Trump said Tuesday that the “alt-right” and the “alt-left” were to blame for the violence that broke out at a rally in Charlottesville, Va., when a self-proclaimed white supremacist allegedly drove his car into a crowd of counter-protesters and killing one woman named Heather Heyer.

The vice president said Wednesday “our hearts are in Charlottesville” with the family and friends who gathered to “say farewell to a remarkable young woman.”

“We’ve been praying, we’ve been praying for God’s comfort for her family and her friends and we are also praying in America, we will not allow the few to divide the many,” he said. “The strength of the United States of America is always strongest, as the President has said so eloquently, when we are united. Around our shared values and so it will always be.”

Pence’s comments come after Trump has received widespread criticism — and praise from known white supremacists — for his comments during an unhinged press conference where he seemed to defend white supremacists. 

“I think there’s blame on both sides,” Trump said Tuesday.

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During a segment on “Fox and Friends” Wednesday morning, host Abby Huntsman brought left- and right-leaning guests on the air to debate protesters tearing down monuments of Confederate soldiers, but the guests took the conversation in a different direction.

When asked what she makes of protesters tearing down the statues in her home state of North Carolina, Wendy Osefo, a John Hopkins University professor and political commentator, said the discussion needs to be “beyond a monument.”

“This is about hatred, this is about white supremacy and to have Heather Heyer killed on U.S. soil by Nazis, Deandre Harris beaten and bludgeoned by Nazis,” she said. “This is not talking points here, this is not partisanship, this is human life and as a mother, to hear the President of these United States not sit here and condemn what has happened — as a black woman of two black boys, my heart bleeds.”

Huntsman attempted to steer the debate back to the Confederate statues several times, but GOP strategist Gianno Caldwell gave a tearful monologue in response, saying he came to the interview “with a heavy heart” and said he “couldn’t sleep at all” last night because of the President’s response to violence at a rally in Charlottesville, Virginia, where a self-proclaimed white supremacist allegedly drove his car into a crowd of counter-protestors, killing a woman named Heather Hayer.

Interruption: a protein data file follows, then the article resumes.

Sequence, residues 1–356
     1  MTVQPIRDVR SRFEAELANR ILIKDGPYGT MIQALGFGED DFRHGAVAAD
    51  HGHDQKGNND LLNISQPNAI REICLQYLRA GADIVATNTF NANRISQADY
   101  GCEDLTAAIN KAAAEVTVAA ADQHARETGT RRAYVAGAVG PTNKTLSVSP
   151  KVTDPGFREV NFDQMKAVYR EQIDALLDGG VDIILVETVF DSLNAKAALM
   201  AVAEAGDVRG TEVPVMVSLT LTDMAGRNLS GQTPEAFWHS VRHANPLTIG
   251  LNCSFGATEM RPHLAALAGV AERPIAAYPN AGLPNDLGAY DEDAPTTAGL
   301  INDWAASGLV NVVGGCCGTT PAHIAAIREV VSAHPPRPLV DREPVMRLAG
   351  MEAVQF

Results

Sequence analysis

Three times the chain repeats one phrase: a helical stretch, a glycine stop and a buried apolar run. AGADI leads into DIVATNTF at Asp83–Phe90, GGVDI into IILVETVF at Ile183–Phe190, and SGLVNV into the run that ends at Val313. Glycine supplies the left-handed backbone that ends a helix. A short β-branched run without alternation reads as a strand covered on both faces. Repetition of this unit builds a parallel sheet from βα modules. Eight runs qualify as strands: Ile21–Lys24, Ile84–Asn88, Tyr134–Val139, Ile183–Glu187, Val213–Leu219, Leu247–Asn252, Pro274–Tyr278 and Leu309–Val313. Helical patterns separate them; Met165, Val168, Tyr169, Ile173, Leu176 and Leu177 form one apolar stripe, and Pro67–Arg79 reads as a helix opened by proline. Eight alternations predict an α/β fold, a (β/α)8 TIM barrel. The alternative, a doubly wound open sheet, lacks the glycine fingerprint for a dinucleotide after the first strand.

The President took 48 hours to condemn the white nationalists and neo-Nazis and later said at a press conference that both the “alt-right” and the “alt-left” were to blame for the violence. 

Caldwell said he felt “betrayed” by Trump.

“Our President has literally betrayed the conscience of our country. The very moral fabric in which we have made progress when it comes to race relations in America. He has failed us. And it’s very unfortunate that our President would say things like he did in that press conference yesterday when he says there are ‘good people on the side of the Nazis. They weren’t all Nazis and they weren’t all white supremacists.’ Mr. President, good people don’t (pal) around with Nazis and white supremacists. Maybe they don’t consider themselves white supremacists and Nazis, certainly they hold those views. This has become very troubling for anyone to come on any network and defend what President Trump did and said at that press conference yesterday is completely lost and the potential to be morally bankrupt. I’m sorry, no I believe that and I’m being very honest as one who has been talking about these issues for a very long time. I’m sorry that this is where we are right now. I hope the President learns a lesson from his press conference on yesterday. It’s disturbing.”

Cable news hosts and guests have expressed their frustrations with President Donald Trump since his provocative press conference Tuesday.

On Tuesday evening, Fox News co-host Kat Timpf called his remarks “disgusting” and said she felt as though she could cry over his comments. “Morning Joe” host Joe Scarborough, a former Republican, called Trump the President of the white nationalist movement.

Watch the Fox and Friends interview below:

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Expressing grave concern over President Donald Trump’s provocative comments at a press conference Tuesday — where he defended white supremacists by saying both “sides” were to blame for violence that broke out at a rally last weekend — “Morning Joe” host Joe Scarborough said Trump has officially placed himself on the wrong side of history.

“He is now the President, not only of America, but the white nationalist movement. David Duke saying ‘thank you, Mr. President, for your courage to tell the truth about Charlottesville,'” Scarborough said, referencing tweets from the former Ku Klux Klan leader who thanked Trump for his remarks on Twitter Tuesday. “David Duke, neo-Nazis, white supremacists, Klans members, they stand on one side and apparently the rest of America and the world stands on the other.”

During the press conference Tuesday, the President said both the “alt-left” and the “alt-right” were responsible for violence at a recent white supremacist rally in Charlottesville.

On Saturday, a group of white nationalists gathered to protest the removal of a Robert E. Lee memorial in the southern town, when a self-proclaimed white supremacist allegedly drove his car into a crowd of counter-protestors, killing one woman and injuring more than a dozen people.

 “The President has chosen sides and it is very clear not only morally, especially morally, but also politically, he has chosen the wrong side,” Scarborough said.

He said it is now “up to the rest of us” to decide how to respond and he called on fellow Republicans to avoid indifference or “granting Donald Trump the sort of moral equivalency that Donald Trump granted Nazis, white supremacists and Klans members.”

A former Republican congressman, Scarborough recently announced he would be leaving the GOP party because of the President’s actions and his party’s failure to confront Trump.

“Time and time and time again, they turn the other way. And they’re doing the same thing now,” he said on CBS’ “Late Show” with Stephen Colbert last month.

Watch the full video below: